Wednesday, March 10, 2010

It's like he read my mind.

On Monday, I halfheartedly speculated on whether Frank would fight Jamie's request for money to cover her professional fees. Via Shaikin, that's exactly what happened Tuesday:

Jamie McCourt has asked the court to order Frank to pay almost $1 million per month in temporary support and $9 million in fees for attorneys and accountants. In today's filing, Frank McCourt calls those fee amounts unreasonably high.
Frank claims that Jamie has about $11 million in liquid assets in addition to six residential properties she could rent or sell, as they are rarely occupied.

Man, that's cold. And a little brilliant. Frank's putting Jamie between a rock and a hard place; If Jamie disposes of any of the residential real estate, she's implicitly acknowledging the validity of the post-nup. If she doesn't, and the court orders her to pay her own costs, her war chest starts to grow a little thin.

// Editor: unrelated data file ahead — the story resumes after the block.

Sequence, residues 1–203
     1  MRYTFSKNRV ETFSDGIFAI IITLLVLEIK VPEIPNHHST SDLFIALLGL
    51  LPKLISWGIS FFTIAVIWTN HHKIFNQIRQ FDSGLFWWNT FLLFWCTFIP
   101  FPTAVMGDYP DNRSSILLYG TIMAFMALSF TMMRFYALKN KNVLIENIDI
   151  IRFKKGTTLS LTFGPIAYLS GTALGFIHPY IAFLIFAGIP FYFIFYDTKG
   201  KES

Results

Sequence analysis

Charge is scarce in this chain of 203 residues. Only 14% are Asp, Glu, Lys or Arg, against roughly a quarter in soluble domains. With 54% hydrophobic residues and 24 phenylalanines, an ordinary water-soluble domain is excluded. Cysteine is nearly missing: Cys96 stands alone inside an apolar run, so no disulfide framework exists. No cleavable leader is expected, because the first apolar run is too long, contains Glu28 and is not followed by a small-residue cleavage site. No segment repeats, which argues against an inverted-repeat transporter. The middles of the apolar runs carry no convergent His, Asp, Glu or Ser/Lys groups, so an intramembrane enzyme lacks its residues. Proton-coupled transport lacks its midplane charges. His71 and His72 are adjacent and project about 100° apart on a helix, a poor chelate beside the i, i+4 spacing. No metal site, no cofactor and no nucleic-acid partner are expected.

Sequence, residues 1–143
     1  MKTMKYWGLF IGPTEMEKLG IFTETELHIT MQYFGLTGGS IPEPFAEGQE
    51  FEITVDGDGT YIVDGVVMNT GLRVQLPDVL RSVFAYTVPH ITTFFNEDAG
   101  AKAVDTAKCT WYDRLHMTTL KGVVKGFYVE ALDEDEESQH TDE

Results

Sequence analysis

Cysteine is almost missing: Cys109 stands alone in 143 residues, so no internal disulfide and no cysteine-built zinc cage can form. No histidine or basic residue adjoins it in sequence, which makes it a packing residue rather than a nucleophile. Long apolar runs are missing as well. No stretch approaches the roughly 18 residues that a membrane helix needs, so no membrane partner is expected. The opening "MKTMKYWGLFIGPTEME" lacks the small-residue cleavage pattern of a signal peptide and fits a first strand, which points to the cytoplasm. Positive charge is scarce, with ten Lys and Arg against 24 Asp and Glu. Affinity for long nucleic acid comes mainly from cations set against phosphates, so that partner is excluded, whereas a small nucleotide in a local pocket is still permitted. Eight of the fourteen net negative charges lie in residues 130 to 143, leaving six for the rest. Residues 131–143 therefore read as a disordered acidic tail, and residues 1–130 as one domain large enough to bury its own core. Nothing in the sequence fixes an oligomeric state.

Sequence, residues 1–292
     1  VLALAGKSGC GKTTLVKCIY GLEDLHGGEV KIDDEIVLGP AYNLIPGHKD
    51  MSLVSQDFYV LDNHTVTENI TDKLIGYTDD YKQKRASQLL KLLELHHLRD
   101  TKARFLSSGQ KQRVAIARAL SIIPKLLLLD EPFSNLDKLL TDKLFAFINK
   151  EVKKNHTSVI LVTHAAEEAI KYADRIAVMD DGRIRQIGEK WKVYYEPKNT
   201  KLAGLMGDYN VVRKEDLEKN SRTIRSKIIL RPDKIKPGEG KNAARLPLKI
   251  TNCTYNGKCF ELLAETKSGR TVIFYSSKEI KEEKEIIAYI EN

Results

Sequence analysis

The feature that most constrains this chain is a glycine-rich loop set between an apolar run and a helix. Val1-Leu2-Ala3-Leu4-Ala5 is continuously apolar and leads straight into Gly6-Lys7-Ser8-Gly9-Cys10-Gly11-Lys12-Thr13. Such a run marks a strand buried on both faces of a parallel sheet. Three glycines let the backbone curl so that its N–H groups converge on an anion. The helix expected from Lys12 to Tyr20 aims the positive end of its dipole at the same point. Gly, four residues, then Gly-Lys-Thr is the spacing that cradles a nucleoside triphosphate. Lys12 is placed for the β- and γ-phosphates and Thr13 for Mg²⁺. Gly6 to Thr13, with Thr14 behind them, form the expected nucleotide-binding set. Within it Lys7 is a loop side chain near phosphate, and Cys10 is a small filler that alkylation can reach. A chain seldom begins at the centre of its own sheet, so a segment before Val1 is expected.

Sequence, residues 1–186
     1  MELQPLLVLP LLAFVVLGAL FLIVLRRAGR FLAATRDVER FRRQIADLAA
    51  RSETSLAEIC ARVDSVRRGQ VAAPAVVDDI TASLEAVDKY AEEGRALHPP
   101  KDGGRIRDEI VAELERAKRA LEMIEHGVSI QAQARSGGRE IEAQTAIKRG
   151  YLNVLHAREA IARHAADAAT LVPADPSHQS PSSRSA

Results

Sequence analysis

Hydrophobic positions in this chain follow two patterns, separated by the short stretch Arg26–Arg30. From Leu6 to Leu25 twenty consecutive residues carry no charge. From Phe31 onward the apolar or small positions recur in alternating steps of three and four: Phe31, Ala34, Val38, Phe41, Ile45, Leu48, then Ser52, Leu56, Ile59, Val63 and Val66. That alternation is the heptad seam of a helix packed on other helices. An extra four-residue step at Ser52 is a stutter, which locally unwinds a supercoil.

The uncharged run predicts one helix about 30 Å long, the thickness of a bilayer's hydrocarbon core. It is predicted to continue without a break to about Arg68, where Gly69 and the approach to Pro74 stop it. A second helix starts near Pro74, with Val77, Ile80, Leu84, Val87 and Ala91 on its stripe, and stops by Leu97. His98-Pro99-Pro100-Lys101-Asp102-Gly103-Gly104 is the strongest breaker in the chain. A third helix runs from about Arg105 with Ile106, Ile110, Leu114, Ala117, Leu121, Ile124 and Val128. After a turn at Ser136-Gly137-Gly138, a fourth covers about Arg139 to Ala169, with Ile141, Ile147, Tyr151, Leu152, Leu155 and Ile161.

Logically, it doesn't make sense for the court to side entirely with Frank on this one. Jamie's authority to sell the residential real estate depends on the validity of the post-nup, which is very much in question. I just don't see the court tipping its hand on that issue at this point. 

Now, if Jamie really does have a handful of cash (or other liquid assets), the court might reduce the amount Frank has to chip in for her lawyers and accountants. Heck, maybe the court will cut Jamie off entirely. But the most interesting thing to come out of this most recent spat is Frank's attempt to make Jamie follow the post-nup and sell off some of the homes. I doubt it gains much traction, but it's clever nonetheless.

1 comment:

  1. Jamie can't sell the Houses. Frank co signed the mortgages/loans. if she rents the houses, half of the rental income should be going to Frank. They both own the residential properties. I don't see such anything that shows they are separate from McCourts' wheeling dealing financiing.

    This is the problem with the post nup. There is no real separation between shielding the residential properties from the Dodgers' creditors. Frank co signed the loans, including the Malibu properties. They were using debt of the loans to buy and managed the Dodgers to finance their lifestyle.